Following good conservation practice - minimising intervention, retaining original features wherever possible, using authentic materials for necessary replacement - the external walls are secured and the strengthened roof re-slated. From expert scrutiny of structural clues, the original room layout is returning.  

Where the Coade stone has already been cleaned and repaired, its intricate patterns and detailed clarity are wondrous. Meticulous care is evident throughout the restoration. 

Historical accuracy, appropriate materials, specialists working with traditional craft skills, time and quality: these explain the £1.8million price tag, raised from over a thousand individuals and a number of charitable grant-making trusts.

By the autumn of 2015, Lyme Regis will once again see a delightful Georgian villa, its lime-based rendering washed the original delicate pink and its Coade stone crisp and fresh; John Fowles’ spirit in the writing-room; the garden back to its small 18th century domesticity with woodland running down to Lister Gardens; the house and observatory visible again from the Cobb.

A single let for up to eight people, Belmont will also be used for two intensive free weeks each year by MA students from the University of East Anglia’s renowned Creative Writing School. On occasional weekends the house will be open, free of charge, to the public. At these times Bangay’s observatory will be accessible, too, so we can see the mechanical renovation of its revolving roof, being carried out this autumn by four volunteers from the local U3A SciTech group.

The stable block, entered from Pound Street, will become an interpretation centre, open several afternoons a week through the summer season, celebrating the lives of Eleanor Coade, Richard Bangay and John Fowles.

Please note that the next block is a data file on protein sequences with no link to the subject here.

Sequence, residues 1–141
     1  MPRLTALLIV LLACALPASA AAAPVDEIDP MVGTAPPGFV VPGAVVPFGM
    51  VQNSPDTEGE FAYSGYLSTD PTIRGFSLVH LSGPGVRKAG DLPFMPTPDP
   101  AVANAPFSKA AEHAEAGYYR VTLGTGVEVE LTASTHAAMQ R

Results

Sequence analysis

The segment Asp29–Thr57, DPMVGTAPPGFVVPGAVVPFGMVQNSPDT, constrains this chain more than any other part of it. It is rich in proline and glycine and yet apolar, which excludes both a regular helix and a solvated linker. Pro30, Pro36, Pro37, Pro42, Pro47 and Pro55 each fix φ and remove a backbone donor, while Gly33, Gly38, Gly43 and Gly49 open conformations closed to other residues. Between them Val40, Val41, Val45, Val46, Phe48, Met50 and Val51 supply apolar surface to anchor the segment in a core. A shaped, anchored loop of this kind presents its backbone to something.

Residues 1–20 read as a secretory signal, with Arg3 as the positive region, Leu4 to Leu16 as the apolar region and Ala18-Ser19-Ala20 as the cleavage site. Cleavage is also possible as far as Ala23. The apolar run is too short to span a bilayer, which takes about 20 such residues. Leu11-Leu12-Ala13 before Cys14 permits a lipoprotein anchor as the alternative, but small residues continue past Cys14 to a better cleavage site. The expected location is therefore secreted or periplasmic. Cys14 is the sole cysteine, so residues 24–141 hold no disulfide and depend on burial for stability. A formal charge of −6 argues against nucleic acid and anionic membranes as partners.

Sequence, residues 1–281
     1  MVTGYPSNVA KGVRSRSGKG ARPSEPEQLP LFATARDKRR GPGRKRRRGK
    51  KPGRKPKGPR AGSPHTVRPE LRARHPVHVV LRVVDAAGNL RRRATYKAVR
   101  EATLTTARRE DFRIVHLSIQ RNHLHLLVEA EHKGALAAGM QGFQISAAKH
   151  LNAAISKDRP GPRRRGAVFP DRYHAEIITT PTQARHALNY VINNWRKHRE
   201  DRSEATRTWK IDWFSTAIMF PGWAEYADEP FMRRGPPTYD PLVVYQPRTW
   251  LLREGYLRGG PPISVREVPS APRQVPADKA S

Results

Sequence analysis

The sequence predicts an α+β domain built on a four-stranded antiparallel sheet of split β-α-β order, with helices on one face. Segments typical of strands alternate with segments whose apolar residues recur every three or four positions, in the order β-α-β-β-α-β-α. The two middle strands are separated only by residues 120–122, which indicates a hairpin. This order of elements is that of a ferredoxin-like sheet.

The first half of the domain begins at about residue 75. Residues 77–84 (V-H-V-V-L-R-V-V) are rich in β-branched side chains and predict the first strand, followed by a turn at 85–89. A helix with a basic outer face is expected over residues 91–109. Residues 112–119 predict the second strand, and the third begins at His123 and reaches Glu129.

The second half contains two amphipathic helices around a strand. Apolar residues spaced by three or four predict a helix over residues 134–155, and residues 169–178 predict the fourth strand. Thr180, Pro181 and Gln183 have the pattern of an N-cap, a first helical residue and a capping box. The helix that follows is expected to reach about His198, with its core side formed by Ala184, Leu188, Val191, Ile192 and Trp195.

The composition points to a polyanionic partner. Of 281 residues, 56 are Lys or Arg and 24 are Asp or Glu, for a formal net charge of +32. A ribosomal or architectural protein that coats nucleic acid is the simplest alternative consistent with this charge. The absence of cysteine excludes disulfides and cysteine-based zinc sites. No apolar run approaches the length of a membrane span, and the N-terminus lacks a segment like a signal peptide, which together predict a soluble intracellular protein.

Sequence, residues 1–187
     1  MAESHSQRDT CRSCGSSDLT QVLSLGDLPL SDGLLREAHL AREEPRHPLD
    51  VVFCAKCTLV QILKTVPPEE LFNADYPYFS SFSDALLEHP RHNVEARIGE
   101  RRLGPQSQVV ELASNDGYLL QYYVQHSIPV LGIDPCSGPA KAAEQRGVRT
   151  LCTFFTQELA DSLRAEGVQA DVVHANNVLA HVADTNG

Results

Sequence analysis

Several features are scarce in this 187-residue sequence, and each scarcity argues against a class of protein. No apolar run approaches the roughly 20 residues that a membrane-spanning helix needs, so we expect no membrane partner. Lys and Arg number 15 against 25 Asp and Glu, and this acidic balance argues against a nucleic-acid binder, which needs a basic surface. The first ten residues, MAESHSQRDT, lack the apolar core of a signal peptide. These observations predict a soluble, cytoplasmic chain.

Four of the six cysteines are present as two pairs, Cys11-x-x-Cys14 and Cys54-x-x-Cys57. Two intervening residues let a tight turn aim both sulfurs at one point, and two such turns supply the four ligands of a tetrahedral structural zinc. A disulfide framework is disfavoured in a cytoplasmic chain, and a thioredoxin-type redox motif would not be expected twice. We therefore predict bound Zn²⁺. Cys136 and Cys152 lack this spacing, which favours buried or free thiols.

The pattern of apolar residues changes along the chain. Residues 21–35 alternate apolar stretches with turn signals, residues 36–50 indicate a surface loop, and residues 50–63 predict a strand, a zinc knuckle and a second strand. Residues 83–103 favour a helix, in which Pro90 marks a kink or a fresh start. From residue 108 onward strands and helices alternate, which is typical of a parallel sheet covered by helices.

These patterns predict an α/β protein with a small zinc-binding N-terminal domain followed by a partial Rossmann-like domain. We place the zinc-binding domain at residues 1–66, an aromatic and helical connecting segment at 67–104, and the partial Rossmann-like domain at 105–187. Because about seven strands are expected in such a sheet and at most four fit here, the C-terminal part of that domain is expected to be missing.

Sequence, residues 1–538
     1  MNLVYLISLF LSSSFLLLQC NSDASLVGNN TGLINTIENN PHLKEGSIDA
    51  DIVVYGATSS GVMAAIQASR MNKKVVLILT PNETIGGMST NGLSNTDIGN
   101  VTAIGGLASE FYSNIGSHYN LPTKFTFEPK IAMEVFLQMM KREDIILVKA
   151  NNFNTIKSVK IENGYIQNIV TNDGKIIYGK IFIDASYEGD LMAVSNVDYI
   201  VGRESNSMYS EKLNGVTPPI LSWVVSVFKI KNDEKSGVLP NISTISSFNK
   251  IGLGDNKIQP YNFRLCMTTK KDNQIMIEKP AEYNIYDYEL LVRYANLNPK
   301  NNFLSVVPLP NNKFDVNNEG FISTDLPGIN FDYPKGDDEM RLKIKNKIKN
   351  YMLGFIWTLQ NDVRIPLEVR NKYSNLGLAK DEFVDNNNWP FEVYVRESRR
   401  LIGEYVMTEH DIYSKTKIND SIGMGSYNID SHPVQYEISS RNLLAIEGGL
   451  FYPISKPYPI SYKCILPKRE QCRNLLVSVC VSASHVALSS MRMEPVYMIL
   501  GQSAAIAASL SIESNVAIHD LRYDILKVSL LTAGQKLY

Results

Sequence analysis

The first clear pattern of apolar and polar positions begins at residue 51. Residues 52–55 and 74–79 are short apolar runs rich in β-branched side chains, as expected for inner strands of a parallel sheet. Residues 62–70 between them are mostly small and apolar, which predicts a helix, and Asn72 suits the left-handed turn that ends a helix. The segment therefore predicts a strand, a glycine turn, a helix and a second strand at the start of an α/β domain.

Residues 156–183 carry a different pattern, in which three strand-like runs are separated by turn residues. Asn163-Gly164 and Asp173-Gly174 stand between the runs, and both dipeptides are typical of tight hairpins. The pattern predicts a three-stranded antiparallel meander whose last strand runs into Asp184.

Belmont’s three important owners - combining science, the arts, manufacture and commerce, and reflecting the “enlightenment” values from which the house originated - will continue to infuse its spirit. 

I finished my visit knowing that it is possible, given sufficient determination, energy and care, to rescue a significant historic building in Lyme while respecting its architectural, cultural and human history. 

Conservation work in progress



60 SECOND INTERVIEW: Irene Roper


HAVING been brought up and lived in North London for just over 60 years, Irene Roper moved to Lyme Regis after bringing her grandson for a holiday in Charmouth, which she remembered from childhood visits, and after her son started teaching in the area. She moved to the area with Dave, her partner of 30 years, who has sadly since developed dementia and now requires full-time care. Irene has since spent a lot of time raising awareness for dementia and is thankful for the support of her three sons and seven grandchildren. She is also heavily involved with the Lyme Regis and Charmouth RNLI Guild, organisers of the annual Lifeboat Week, and below talks about this year’s events.